Bruce Coulter, who won a Grey Cup with the Montreal Alouettes in 1949 and went on to coach at the university level at McGill and Bishop’s, has died. He was 90.
McGill announced his death Wednesday in a statement. There was no immediate word on the cause of death.
Coulter, a Toronto native, graduated from the University of Toronto and played senior football for the Balmy Beach club before joining the Alouettes.
He never missed a game in 10 seasons as a defensive back and backup quarterback for Montreal. Coulter, who played in consecutive Grey Cup games from 1954-56, was named to the Canadian Football Hall of Fame in 1997.
Coulter began his coaching career at McGill in 1958 and led the Redmen to the Yates Cup league title and Churchill Bowl national championship in 1960.
But Coulter’s name is mostly linked to Bishop’s, where he became head coach and director of athletics in 1962 and went on to serve 29 seasons before stepping down as coach after the 1987 season.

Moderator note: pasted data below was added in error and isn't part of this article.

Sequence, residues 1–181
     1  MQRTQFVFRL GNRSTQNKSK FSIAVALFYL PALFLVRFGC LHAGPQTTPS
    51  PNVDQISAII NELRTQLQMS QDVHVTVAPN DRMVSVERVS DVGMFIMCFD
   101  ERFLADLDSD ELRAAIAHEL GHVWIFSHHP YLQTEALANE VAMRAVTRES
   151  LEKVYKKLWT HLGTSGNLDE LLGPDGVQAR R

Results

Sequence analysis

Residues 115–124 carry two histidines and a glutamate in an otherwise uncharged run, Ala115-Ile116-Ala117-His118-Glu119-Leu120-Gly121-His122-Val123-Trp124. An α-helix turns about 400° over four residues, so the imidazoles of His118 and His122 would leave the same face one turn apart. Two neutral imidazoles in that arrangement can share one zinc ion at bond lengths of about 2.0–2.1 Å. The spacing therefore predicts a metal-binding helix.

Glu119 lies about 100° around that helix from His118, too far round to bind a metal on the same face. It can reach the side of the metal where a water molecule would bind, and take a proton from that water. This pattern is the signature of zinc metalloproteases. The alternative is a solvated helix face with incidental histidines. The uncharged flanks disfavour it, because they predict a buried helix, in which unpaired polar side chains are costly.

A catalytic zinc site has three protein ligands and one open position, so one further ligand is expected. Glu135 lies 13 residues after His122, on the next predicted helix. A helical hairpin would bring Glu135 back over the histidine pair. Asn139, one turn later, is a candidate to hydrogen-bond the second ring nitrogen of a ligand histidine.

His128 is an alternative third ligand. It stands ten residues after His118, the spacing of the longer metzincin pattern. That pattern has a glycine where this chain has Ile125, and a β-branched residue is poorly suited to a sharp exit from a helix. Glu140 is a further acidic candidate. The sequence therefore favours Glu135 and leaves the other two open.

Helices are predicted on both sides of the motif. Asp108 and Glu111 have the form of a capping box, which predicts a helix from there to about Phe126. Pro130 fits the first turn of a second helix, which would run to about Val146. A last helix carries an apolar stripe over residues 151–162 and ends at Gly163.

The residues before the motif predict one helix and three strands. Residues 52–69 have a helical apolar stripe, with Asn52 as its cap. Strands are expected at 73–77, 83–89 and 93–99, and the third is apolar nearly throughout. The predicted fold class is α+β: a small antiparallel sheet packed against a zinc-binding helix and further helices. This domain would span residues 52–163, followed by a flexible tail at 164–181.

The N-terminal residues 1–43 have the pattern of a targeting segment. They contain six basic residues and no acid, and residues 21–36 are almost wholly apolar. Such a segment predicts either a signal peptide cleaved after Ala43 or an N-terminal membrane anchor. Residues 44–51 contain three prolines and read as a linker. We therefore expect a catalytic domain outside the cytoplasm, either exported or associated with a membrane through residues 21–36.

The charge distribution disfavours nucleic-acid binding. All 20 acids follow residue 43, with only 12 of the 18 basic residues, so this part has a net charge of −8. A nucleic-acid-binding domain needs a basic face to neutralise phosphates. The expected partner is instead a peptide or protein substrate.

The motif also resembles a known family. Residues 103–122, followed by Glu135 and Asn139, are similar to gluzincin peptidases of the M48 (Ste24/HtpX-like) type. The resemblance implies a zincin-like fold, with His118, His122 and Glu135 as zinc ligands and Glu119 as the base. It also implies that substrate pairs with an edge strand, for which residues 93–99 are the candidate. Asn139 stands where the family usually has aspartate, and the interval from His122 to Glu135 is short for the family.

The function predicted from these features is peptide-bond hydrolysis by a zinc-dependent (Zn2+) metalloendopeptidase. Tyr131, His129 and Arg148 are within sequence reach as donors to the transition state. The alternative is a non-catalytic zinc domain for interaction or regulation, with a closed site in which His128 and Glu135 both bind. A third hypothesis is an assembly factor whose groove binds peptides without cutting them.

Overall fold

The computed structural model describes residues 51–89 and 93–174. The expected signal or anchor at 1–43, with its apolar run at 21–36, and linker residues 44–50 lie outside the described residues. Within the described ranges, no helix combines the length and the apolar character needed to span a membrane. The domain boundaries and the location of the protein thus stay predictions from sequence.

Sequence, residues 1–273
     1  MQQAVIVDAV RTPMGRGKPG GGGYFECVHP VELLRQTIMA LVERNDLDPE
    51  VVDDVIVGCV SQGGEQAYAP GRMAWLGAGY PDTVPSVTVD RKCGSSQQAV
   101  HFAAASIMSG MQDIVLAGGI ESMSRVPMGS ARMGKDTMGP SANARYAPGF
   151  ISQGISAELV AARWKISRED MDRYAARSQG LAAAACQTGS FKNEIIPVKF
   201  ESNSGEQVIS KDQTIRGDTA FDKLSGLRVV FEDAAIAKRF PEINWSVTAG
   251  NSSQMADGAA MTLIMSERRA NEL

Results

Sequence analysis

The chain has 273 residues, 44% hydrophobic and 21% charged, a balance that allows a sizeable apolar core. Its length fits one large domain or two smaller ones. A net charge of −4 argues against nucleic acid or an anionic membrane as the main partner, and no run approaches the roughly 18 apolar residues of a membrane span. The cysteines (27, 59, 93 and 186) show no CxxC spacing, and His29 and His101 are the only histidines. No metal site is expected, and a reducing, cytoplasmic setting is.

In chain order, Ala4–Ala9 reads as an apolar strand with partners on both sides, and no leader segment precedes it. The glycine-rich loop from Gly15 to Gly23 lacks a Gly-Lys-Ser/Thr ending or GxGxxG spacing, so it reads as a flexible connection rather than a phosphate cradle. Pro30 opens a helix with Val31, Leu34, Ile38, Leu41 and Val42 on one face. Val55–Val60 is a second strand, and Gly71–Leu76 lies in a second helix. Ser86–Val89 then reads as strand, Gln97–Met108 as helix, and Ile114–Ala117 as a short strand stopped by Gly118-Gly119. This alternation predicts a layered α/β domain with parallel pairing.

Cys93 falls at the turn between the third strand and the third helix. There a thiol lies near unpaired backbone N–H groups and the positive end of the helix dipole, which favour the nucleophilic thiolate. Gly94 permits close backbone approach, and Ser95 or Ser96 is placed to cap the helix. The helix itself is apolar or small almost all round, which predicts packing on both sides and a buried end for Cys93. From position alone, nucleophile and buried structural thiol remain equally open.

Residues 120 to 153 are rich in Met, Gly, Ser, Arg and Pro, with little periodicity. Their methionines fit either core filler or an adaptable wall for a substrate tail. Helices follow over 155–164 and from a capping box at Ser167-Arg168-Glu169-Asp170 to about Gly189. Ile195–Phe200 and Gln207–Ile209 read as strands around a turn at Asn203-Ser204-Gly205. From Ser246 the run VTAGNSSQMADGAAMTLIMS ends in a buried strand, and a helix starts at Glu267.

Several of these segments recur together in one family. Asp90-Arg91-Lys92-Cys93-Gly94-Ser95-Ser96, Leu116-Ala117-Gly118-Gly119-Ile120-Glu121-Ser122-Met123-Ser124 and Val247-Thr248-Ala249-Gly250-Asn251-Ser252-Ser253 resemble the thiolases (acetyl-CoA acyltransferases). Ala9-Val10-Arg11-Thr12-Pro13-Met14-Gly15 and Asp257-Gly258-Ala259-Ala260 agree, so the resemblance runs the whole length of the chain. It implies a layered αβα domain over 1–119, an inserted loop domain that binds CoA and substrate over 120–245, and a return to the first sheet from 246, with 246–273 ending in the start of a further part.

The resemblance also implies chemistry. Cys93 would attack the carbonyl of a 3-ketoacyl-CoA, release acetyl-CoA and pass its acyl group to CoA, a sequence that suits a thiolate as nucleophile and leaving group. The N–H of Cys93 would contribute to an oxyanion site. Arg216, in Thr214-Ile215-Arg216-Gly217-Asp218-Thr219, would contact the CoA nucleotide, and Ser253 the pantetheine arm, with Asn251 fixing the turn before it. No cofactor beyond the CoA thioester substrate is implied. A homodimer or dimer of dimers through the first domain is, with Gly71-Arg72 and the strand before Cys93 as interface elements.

At the time, he held the all-time wins record for a coach in Canadian university football with a 137-80-2 record. He stayed on as athletic director until 1990.
Coulter won the Frank Tindall Trophy as coach of the year in 1986, was awarded an honorary doctorate of laws in 1988 and was added to Bishop’s Wall of Distinction in 1992. He was also inducted to the Sherbrooke, Que., sports hall of fame in 2015.
The Bishop’s football stadium was renamed Coulter Field in 1991. In 1995, the Bruce Coulter Award was established to be presented to one of the outstanding players in the Vanier Cup.
In 2016, he and his wife Joyce launched the Coulter Family Fund to provide funding to Bishop’s athletes.